On writing full-time

A twitter follower recently emailed me with a great question–so great, in fact, that I wanted to answer it here on the blog.

Colleen asked:
“I’m wondering how you knew it was safe to leave your day job.
When did you feel secure enough in writing as a career?”

The short answer is I didn’t know when to leave, and I never felt completely secure walking away from that steady paycheck. (Probably not a very reassuring answer, but hear me out.)

About a year after my book sold, when I was mostly done with its revisions, had long since received my advance, and was drafting the second novel in the series, I finally left my day job. I’d worked as a web designer since 2007, and had been at my current job for about two and a half years. The owner of the company was kind enough to coordinate a phase-out schedule for me. The whole thing made my transition easier and their hunting for my replacement less stressful. Starting in July of 2011, I dropped down to just four days of work a week. By 2012 I went to three. Then around February I was down to two, and by mid April, I was done completely.

But turning my back on the day job pay check was hard. And scary! Writing holds no promises of steady cash. No promises that your next book will sell or your current one will be a success. Simply put, it’s a bit terrifying to say, “I’m going to leave my comfortable day job–that I love–where I am paid twice a month at a very fair wage, to write with no real security or knowledge of when and where my next pay check will come from.”

But my dream was writing. It was what I thought about while I sat at work designing, the thing I couldn’t wait to get home and do. I wanted it to be my career. So the Engineer and I talked about things for awhile. (A long while.)

Here are some of the topics we touched on:

Money, money, money

We are personally big savers and always have been. We felt that between his job, my advance, and our savings, we’d be okay with my writing full-time for the near future. Note: near future. We may need to reevaluate things in the coming years–How’s my series doing? Have I sold anything else? How’s his job? Where do we stand on everything else listed out below? You get the point. ;)


Kids, or lack thereof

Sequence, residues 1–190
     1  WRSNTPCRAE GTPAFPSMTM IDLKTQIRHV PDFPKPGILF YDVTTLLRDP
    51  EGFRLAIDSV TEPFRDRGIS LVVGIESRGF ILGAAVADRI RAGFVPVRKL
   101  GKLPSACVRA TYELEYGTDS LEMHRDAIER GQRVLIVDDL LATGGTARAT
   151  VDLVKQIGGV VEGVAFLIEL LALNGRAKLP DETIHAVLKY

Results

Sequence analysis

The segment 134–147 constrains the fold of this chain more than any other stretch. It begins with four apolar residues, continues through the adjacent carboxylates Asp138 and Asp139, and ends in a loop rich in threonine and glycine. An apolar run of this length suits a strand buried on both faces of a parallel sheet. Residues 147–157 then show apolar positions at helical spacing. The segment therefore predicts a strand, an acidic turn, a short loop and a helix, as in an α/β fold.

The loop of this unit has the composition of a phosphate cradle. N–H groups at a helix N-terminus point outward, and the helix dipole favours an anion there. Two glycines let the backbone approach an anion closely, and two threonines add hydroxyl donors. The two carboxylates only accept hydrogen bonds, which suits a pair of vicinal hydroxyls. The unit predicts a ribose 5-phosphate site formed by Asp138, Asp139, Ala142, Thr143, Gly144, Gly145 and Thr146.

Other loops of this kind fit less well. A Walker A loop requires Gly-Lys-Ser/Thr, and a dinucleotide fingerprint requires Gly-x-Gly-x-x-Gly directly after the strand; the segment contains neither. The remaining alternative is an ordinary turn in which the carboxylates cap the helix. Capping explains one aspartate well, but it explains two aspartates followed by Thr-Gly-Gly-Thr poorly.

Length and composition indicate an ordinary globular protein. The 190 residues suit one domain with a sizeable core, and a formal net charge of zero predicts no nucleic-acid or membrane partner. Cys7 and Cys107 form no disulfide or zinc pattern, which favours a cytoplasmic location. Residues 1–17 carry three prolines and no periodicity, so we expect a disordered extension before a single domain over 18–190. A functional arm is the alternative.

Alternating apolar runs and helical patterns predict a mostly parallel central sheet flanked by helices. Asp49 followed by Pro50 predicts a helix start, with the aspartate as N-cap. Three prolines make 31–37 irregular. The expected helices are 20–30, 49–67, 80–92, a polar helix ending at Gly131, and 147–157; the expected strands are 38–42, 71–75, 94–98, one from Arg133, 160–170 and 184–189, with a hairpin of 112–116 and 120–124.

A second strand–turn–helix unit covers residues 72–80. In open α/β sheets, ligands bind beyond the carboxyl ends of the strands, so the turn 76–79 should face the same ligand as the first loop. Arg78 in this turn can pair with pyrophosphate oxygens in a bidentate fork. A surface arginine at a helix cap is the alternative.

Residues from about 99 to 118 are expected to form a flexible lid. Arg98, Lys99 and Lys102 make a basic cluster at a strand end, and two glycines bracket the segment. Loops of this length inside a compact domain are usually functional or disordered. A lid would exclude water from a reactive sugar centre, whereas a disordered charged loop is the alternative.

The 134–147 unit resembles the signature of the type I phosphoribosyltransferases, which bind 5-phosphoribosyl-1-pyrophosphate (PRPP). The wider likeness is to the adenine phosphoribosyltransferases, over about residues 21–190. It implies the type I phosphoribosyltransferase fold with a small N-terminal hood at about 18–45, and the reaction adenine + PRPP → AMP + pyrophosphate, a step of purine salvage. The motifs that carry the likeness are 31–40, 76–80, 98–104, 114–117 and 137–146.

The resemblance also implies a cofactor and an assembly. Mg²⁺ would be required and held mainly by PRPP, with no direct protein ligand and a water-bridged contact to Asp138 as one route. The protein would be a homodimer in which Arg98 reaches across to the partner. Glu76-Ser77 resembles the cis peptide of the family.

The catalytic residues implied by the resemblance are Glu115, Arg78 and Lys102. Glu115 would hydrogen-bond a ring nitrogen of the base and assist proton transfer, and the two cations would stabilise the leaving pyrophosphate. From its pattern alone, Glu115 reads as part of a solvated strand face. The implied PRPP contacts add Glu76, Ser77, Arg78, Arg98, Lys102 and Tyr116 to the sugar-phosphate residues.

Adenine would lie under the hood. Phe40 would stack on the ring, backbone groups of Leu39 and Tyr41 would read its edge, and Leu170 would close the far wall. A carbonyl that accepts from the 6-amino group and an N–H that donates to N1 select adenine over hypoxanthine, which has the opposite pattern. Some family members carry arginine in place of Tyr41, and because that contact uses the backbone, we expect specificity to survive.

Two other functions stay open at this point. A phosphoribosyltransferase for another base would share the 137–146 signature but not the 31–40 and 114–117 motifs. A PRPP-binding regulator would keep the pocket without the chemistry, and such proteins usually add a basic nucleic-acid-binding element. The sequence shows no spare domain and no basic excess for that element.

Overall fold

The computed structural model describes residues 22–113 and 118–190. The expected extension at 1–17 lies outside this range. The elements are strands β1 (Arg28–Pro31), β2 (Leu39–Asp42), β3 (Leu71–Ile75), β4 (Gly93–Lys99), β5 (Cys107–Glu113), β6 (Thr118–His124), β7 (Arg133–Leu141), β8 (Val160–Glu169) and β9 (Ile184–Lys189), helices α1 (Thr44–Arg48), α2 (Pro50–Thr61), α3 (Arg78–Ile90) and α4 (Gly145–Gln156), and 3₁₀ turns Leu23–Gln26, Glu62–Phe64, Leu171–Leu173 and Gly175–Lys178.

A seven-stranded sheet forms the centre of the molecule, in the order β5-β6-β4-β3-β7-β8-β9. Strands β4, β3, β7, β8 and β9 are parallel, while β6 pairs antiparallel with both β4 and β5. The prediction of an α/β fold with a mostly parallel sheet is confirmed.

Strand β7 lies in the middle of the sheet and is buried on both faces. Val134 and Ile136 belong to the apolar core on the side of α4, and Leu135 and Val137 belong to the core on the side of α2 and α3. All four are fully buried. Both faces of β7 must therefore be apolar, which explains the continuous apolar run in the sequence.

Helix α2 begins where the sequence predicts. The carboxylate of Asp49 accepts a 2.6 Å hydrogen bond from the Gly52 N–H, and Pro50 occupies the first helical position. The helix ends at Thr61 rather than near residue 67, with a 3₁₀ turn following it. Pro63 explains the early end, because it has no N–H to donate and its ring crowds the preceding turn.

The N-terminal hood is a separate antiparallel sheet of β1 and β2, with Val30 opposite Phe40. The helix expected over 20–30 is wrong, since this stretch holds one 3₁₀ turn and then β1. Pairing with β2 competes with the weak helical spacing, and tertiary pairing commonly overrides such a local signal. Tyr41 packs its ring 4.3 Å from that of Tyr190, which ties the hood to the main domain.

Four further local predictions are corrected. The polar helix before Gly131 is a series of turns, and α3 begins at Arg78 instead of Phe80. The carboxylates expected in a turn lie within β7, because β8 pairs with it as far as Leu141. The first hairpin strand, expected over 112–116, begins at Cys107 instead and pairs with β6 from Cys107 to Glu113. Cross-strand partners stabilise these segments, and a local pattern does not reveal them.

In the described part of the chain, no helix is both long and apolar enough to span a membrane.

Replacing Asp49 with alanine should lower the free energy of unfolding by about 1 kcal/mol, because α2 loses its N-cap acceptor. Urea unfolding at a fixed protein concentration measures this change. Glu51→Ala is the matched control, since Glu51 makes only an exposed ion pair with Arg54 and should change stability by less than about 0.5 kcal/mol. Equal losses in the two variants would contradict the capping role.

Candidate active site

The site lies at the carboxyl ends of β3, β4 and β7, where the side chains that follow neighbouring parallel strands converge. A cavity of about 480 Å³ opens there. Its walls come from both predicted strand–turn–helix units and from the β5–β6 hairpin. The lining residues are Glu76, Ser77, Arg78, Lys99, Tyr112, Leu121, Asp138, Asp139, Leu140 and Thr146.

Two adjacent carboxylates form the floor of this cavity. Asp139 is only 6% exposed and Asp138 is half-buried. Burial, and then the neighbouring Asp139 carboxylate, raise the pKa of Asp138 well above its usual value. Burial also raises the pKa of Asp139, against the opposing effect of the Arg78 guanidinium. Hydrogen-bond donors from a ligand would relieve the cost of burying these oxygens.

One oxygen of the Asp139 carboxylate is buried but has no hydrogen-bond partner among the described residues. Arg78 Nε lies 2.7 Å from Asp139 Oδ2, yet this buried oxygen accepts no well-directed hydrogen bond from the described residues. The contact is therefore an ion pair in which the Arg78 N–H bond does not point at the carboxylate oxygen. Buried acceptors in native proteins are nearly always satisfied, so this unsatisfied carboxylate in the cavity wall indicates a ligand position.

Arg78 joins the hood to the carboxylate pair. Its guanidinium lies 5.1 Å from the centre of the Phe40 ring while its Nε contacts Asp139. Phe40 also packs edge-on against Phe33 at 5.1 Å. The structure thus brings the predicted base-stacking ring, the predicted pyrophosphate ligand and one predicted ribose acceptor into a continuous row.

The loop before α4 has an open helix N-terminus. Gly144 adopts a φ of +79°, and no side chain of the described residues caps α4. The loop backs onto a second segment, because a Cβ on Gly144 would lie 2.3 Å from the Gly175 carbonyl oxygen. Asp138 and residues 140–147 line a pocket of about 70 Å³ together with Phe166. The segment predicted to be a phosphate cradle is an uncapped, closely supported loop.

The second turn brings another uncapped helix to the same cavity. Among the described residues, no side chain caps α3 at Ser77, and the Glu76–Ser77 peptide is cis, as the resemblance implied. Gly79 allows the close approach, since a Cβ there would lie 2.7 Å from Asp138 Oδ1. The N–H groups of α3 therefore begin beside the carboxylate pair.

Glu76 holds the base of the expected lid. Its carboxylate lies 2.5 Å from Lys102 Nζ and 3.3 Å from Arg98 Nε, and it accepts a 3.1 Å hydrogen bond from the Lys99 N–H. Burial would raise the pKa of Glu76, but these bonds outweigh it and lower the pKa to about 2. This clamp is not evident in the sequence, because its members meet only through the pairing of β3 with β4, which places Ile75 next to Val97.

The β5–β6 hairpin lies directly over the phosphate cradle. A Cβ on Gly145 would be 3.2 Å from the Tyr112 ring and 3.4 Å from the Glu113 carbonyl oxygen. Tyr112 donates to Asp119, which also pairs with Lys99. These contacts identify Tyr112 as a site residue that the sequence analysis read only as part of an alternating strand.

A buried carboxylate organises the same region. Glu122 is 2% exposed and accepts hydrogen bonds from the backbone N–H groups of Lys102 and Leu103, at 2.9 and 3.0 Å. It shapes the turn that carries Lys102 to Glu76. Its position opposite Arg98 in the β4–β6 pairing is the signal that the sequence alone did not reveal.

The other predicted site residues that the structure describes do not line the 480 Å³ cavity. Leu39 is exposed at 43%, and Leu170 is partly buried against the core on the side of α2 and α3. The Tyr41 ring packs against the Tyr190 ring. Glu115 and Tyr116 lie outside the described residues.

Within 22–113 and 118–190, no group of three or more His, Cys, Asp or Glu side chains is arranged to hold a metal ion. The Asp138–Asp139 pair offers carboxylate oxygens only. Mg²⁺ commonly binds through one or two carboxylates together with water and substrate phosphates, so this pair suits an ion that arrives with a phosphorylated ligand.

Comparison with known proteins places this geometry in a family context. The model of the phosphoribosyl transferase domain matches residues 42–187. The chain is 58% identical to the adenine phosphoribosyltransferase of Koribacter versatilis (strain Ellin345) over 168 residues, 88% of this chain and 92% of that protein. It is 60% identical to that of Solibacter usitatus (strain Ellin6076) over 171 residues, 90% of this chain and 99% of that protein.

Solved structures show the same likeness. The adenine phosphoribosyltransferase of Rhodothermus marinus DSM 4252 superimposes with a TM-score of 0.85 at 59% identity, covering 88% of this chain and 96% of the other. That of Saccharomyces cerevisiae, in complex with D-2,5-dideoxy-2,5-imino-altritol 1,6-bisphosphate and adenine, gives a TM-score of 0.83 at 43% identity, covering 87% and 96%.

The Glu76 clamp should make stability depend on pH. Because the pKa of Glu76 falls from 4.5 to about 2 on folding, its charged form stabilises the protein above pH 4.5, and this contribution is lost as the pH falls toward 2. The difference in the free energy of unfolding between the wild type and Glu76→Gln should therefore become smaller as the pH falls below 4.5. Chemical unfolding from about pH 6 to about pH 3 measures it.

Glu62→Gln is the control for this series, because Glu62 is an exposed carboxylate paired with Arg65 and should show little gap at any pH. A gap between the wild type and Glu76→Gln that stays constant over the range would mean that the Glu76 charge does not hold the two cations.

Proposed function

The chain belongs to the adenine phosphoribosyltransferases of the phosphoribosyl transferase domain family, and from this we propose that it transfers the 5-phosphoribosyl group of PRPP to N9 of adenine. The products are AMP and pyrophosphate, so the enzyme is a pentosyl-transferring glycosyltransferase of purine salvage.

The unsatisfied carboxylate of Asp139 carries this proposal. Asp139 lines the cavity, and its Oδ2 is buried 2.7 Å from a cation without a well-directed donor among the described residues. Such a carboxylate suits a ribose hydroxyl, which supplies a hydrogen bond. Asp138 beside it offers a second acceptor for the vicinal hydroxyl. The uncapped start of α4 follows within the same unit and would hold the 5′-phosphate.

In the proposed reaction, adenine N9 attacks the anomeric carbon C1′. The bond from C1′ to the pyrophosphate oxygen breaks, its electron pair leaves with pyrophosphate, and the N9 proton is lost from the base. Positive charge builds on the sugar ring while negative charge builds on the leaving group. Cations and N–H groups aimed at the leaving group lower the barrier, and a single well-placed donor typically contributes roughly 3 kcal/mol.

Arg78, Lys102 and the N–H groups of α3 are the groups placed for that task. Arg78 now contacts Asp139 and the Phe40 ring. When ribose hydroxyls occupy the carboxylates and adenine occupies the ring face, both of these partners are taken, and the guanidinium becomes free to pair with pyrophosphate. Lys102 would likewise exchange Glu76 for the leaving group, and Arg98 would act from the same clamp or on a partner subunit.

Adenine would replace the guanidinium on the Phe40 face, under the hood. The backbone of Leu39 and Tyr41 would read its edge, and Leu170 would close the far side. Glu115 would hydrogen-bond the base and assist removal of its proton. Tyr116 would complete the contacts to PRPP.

It’s just the two of us right now, so we felt a bit more confident taking a risk when we’re providing only for each other. If we had kids, the decision may have been very different.


Time, and how I needed more of it

I knew I wanted to have a better balance between my work and personal life. I’d been able to handle revisions and a full-time job, but not without sacrifices. Every weekday evening, and almost every hour on the weekend, was dedicated to writing. I rarely saw my own husband, let alone friends/family. This is still often true when I’m under deadline, but I knew things would only get crazier on the writing front once I started working on book two and that something would have to change for me to find a happy balance.


Home office = no commute

This goes hand in hand with needing more time. My day job was in Boston. We live in New Hampshire. I spent one hour (each way!) commuting to my job. Weekly, that’s ten hours without traffic (and there was always traffic), that I spent stuck in a car, not writing. Or reading. Or with the Engineer. I’d be lying to say that ditching that hellish commute didn’t factor into my decision. (Another perk: I now drive so little that I’m saving an insane amount of money on gas.)


Harsh realities

There was a chance that writing full-time might not pan out, that we’d need more income, that something wouldn’t unfold quite as we planned. It was a depressing possibility, but one we still needed to talk about. (I decided I could always do some freelance design on the side if it came to that. Or find a part-time job locally.) This was a bridge we decided to cross if we had to. But we didn’t pretend it wasn’t there.


Goals and priorities

What did we want in the next few years? To buy a house? Have kids? Travel the world? Start our own business? (We basically just talked about what we saw on the horizon and how writing full-time might factor into any of those options.)


In the end, there is always a reason to say no to something. Chasing your dreams is scary. It’s much easier to play it safe and stay in the shallow end where your feet can still touch bottom.

handlettered blackboard print by Mandy Bosveld

I’m not saying that every writer should immediately jump at writing full-time if they have the chance. It’s still an important decision/life change that requires a lot of honest thought and analysis. I’m just trying to be upfront in that I had a pro and con list a mile long, and there were items in both columns when I made my decision.

I couldn’t be happier with the path I chose. I feel more fulfilled at the end of each day now, much more balanced in the amount of time I spending working versus not. I can truly immerse myself in the industry, whereas before I was split between two (publishing and advertising) and unable to invest as deeply in the first as I would have liked. Sometimes it gets a little lonely writing from home, but that’s what coffee shops are for. The financial side of things is still scary. I think, as a writer, it always will be.

But this is the career I wanted. Badly. I’m so glad I didn’t let fear hold me back from pursuing it.

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